At the same hearing, Illarionov also noted the market-distorting effects of government-driven lending: “Decisions to provide financing for Russia, motivated by political rather than economic considerations, have given rise to the problem of moral hazard,” by providing “unearned financial assistance,” which can lead the recipient to “become even more irresponsible than it was before.” In the Russian case, this included excessive government spending and borrowing.
Putin Comes Calling
Illarionov was right; the IMF was wrong. In the fall of 1999, he was hired as an analyst at the Center for Strategic Planning, an economic policy think tank set up by then-acting President Vladimir Putin. Putin—picked by ailing outgoing Russian President Boris Yeltsin to succeed him on December 31, 1999—was elected President of Russia on March 26, 2000.
That same month, the Center for Strategic Planning unveiled The Strategy of Development for the Russian Federation to the Year 2010, the Putin government's new economic platform, co-authored by Illarionov, along with fellow liberal reformers German Gref, Alexei Kudrin, and Alexey Ulyukaev. The document set an ambitious reformist agenda, including deregulation of the economy, strengthening of property rights, closing of money-losing state enterprises while providing temporary assistance to displaced employees, replacing the state-funded pension system with private accounts in a state-controlled pension fund, phasing out housing subsidies while targeting assistance to the truly needy, and introducing competition in the provision of utilities.
In April 2000, Putin appointed Illarionov as his top economic adviser, and endorsed Illarionov's vision of doubling the size of the Russian economy in 10 years and his proposal for a 13 percent flat tax. Putin also endorsed the Strategy of Development's proposal to cut government spending to about half its current 35 percent share of GDP, which Illarionov insists is necessary for Russia to be able to double her GDP in 10 years.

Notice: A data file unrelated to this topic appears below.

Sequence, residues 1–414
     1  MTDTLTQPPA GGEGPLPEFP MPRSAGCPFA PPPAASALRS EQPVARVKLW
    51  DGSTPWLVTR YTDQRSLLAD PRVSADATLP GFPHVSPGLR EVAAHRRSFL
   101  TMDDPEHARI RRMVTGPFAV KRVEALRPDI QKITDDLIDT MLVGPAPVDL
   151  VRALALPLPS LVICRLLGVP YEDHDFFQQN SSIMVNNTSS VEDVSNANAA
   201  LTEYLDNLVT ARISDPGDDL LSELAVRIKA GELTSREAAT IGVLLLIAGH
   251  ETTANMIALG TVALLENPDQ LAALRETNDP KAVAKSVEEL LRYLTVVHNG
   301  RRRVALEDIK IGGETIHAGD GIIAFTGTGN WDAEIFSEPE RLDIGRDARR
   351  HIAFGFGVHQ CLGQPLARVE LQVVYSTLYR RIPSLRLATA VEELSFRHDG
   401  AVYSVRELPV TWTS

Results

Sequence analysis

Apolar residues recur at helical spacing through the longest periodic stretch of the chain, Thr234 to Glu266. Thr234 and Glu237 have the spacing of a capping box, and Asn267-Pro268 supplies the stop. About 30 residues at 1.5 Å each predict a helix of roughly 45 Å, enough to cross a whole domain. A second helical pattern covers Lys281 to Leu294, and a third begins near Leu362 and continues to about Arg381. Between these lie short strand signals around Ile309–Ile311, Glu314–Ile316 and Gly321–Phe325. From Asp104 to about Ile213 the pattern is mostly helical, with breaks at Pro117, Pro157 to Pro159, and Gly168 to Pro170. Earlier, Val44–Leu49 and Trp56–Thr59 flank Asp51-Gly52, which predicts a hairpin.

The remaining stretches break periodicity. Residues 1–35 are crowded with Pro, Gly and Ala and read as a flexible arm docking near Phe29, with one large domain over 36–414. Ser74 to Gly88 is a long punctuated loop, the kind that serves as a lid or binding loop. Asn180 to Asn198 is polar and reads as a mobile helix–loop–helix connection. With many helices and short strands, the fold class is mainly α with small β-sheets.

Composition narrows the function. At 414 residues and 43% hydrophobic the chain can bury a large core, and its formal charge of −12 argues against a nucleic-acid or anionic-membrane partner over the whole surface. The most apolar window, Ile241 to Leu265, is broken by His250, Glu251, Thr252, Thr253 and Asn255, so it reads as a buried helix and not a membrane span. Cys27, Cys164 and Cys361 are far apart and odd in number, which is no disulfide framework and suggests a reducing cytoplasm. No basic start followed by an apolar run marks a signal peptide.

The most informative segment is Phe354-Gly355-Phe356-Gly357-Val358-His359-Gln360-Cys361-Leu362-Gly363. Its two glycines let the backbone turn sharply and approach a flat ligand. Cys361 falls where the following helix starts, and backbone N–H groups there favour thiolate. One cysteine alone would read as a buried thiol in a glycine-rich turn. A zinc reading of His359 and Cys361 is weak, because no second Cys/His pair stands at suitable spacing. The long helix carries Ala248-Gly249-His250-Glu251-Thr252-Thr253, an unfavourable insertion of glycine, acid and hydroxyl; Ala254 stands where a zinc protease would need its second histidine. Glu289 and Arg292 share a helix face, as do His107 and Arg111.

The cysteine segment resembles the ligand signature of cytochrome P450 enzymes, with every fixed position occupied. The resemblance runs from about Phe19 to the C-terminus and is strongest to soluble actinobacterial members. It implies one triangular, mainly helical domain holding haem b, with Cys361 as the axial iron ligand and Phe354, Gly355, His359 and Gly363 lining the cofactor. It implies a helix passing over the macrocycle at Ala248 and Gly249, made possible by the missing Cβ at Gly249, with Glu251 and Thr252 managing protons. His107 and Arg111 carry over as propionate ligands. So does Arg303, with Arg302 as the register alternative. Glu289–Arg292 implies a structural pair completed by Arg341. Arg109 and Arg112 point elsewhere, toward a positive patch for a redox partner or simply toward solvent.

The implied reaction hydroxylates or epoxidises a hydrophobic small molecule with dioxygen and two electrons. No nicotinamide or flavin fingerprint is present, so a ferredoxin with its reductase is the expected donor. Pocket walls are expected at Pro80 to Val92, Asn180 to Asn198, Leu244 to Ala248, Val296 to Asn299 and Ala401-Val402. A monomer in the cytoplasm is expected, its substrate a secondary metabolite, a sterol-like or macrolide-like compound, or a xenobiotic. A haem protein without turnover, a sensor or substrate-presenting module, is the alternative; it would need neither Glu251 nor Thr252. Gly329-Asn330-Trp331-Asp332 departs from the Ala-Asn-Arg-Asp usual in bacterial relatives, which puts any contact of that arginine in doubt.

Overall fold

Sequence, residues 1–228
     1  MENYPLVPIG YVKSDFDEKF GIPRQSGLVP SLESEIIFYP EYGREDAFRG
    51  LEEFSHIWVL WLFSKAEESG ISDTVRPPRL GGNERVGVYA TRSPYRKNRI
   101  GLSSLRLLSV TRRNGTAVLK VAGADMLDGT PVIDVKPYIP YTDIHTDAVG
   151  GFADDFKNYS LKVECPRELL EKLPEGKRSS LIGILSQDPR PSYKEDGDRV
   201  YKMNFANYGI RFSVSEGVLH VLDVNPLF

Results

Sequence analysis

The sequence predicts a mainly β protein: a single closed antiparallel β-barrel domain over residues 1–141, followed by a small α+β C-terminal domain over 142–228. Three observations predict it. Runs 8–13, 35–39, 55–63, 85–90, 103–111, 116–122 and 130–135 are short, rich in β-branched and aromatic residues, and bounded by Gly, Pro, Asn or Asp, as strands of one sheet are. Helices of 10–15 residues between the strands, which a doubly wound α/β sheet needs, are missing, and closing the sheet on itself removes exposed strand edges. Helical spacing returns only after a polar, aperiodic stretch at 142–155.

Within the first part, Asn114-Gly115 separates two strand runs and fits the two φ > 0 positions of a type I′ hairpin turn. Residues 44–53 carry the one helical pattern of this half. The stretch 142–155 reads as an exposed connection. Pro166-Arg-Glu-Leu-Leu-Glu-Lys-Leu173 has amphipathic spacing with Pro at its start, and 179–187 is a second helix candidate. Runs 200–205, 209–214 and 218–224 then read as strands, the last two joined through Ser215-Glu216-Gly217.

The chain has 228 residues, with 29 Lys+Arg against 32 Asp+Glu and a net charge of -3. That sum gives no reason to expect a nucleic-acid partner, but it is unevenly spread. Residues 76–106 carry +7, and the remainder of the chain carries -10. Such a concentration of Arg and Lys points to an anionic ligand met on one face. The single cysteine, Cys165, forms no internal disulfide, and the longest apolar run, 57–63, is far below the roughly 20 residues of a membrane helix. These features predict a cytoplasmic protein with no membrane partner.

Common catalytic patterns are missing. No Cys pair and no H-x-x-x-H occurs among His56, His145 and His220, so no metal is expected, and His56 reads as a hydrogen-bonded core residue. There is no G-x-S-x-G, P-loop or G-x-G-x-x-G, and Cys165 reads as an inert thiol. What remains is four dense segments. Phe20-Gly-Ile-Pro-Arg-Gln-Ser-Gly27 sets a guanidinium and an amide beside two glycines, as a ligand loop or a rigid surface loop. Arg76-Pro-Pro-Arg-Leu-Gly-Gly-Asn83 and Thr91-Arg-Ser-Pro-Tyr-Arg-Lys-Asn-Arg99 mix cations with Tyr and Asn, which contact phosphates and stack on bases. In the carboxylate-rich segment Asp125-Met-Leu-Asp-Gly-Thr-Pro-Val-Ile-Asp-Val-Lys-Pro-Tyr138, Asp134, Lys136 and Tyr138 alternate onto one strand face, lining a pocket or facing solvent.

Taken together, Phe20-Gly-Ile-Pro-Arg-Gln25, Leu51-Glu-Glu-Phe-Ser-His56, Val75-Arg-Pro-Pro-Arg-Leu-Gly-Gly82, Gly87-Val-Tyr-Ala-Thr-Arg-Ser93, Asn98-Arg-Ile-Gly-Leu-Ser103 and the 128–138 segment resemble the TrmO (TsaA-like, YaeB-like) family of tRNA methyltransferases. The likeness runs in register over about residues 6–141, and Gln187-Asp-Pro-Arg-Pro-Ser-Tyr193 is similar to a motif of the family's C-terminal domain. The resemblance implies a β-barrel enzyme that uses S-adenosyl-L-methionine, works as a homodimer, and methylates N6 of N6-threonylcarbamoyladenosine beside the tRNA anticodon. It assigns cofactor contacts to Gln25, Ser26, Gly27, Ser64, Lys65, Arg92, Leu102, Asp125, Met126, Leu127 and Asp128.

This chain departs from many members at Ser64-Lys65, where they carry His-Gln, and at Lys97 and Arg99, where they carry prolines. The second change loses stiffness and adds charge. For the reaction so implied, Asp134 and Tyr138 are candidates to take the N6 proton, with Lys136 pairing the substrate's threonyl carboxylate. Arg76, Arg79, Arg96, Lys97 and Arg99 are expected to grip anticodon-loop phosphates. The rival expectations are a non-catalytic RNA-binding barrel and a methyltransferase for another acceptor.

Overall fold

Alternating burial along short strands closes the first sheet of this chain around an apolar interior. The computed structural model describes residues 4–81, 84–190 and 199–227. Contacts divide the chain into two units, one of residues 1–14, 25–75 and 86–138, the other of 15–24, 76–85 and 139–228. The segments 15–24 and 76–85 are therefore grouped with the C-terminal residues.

The Future of Reform
Illarionov has not been shy about his goals and has pursued them aggressively. Shortly after his appointment as Putin's top economic adviser, Illarionov brought to Moscow some of the world's most successful free-market reformers, including José Piñera, the architect of Chile's innovative public pension privatization and current director of the Cato Institute's Social Security reform project, and New Zealand's former Finance Minister Roger Douglas and former Treasury Secretary Graham Scott, who helped implement free market reforms in that country. So far, the prospects look good for replicating their successes in Russia.
Reforms advocated by Illarionov and enacted by Putin's government have already yielded impressive results, giving Russia GDP growth of 9 percent in 2000, 5 percent in 2001, and 4 percent in 2002. Last month, the Russian government revised its GDP growth estimate for 2003 to 6.6 percent
Government downsizing has cut the state's share of GDP to about 35 percent currently, down from a 40 percent GDP share from 1995 to 1998.
One of the most notable reforms is a 13 percent flat personal income tax, enacted in January 2001. As George Mason University economist Peter Boettke points out, it has been a supply-side success story, lessening everyone's tax burden while boosting government revenues, which have nearly doubled, from $6.2 billion in 2000 to nearly $12 billion in 2002. In January 2002, a 24 percent flat corporate profits tax came into effect.
Boettke also notes that these and other reforms—including greater protection for private property—have helped reduce black market activity by encouraging more and more people to bring economic activity above ground. “You can't really blame them,” Illarionov says. “People who work in the shadow economy are just trying to escape the government in order to make ends meet.”
More reforms are likely on the way. Pension reform is moving along. And last November, Illarionov called for allowing private companies to build oil and gas pipelines and other infrastructure projects. “The creation of private-owned infrastructure is, in point of fact, the sole way to get away from monopoly in this key sphere of the economy,” he said.
More importantly, the Russian rejection of the Kyoto Treaty shows that Putin supports Illarionov's rejection of any policies that would keep Russia's economy from surging ahead. This is great news for Russia and serves as an example for the rest of the world. Politicians everywhere would do well to heed Illarionov's words from a December 2000 interview:
“I have a magical solution for countries to get rich quickly. It's called economic freedom, which means giving people the freedom to trade freely, produce and invest freely, with minimum intervention from the state.”